Supreme Court case could address ‘injustice’ of council homeless assessments – charities
A Supreme Court challenge on how councils decide which homeless people are judged ‘vulnerable’ enough for rehousing could address a ‘longstanding injustice’ that has seen many turned away in the past, according to Crisis and Shelter.
As the law stands in England, when a person comes to their council as homeless, they must prove that they are ‘vulnerable’ enough to qualify as a ‘priority’ for rehousing.
However, the homelessness charities have evidence of people in desperate situations being judged as not being vulnerable by local councils, including women fleeing domestic violence, people with learning disabilities, people with mental health problems and young people forced out of the family home.
Jon Sparkes, chief executive of Crisis, said: “Local councils are wrongly refusing to help homeless people who come to them in desperate need as they do not consider them to be ‘vulnerable enough’.
“This has led to many people being turned away to sleep on the streets. The average age of death for a homeless person is just 47 – a shocking state of affairs in 21st century England. If the Supreme Court addresses this longstanding injustice, and people are judged fairly when they ask for help from their local council, protection for homeless people could be greatly improved.”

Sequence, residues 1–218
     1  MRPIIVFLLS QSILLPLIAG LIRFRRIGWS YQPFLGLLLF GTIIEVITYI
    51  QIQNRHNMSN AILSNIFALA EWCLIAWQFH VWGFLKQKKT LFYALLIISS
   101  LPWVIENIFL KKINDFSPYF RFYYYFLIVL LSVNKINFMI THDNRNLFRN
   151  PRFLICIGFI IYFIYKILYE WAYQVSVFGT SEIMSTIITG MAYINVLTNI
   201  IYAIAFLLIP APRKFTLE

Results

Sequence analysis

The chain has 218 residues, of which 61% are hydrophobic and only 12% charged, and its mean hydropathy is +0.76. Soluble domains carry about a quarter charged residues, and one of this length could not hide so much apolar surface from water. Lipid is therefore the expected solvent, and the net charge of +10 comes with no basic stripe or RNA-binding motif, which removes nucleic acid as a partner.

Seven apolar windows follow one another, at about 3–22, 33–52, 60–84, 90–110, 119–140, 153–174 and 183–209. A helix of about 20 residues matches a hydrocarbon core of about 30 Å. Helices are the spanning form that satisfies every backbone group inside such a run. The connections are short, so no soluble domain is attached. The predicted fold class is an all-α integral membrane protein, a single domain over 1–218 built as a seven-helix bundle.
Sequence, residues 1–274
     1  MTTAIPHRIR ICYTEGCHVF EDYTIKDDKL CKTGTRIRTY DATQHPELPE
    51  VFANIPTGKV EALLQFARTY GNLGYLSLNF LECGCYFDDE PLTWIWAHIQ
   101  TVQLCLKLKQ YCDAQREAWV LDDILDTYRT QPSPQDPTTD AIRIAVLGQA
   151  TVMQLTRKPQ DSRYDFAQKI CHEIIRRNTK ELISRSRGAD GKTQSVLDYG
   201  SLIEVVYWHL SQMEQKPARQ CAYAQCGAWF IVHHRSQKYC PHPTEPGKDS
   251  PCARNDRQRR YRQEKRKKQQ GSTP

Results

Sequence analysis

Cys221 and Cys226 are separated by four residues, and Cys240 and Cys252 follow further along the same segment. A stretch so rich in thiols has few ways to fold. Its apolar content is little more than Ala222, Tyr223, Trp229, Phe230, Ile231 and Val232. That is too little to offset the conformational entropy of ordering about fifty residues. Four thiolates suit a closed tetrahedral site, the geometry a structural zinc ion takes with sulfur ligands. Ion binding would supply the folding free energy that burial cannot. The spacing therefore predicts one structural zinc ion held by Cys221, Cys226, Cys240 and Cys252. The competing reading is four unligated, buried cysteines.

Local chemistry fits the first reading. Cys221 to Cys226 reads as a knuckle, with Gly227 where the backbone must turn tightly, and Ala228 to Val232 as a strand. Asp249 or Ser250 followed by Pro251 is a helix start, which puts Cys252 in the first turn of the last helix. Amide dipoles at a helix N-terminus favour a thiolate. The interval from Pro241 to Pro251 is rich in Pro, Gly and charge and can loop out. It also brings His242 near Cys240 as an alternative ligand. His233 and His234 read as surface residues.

Last year, 113,270 people in England approached their council as homeless, while rough sleeping has risen by 37% over three years.
Campbell Robb, chief executive of Shelter, said: “In Britain 90,000 children will wake up on Christmas morning without a place to call home. With more and more people facing the nightmare of losing their home, it’s vital we ensure that everyone who finds themselves in this desperate situation is treated fairly and given the help they are entitled to.”
Three cases are due to be heard at the Supreme Court from 15 December 2014.
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